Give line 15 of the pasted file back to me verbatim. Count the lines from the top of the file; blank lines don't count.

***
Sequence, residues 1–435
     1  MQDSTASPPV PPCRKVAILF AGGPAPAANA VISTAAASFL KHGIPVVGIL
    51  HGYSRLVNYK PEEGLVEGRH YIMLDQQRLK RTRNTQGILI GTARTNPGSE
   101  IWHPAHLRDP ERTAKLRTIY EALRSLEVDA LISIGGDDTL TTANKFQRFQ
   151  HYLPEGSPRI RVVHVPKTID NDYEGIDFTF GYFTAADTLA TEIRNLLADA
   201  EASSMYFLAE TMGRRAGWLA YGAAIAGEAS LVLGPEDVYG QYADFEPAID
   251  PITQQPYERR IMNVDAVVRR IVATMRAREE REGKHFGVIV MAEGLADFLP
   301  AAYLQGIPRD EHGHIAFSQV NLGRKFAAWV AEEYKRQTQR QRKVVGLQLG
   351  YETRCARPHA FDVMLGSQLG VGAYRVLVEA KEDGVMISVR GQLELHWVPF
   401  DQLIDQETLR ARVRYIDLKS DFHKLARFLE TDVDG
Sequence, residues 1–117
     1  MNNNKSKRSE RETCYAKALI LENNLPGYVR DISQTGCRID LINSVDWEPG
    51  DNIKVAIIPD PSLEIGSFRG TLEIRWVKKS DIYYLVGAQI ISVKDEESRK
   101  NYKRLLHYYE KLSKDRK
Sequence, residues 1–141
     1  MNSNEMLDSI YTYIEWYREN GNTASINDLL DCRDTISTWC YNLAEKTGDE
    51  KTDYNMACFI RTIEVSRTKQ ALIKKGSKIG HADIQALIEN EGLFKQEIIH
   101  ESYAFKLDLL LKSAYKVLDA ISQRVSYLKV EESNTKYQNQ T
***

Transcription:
Sequence, residues 1–141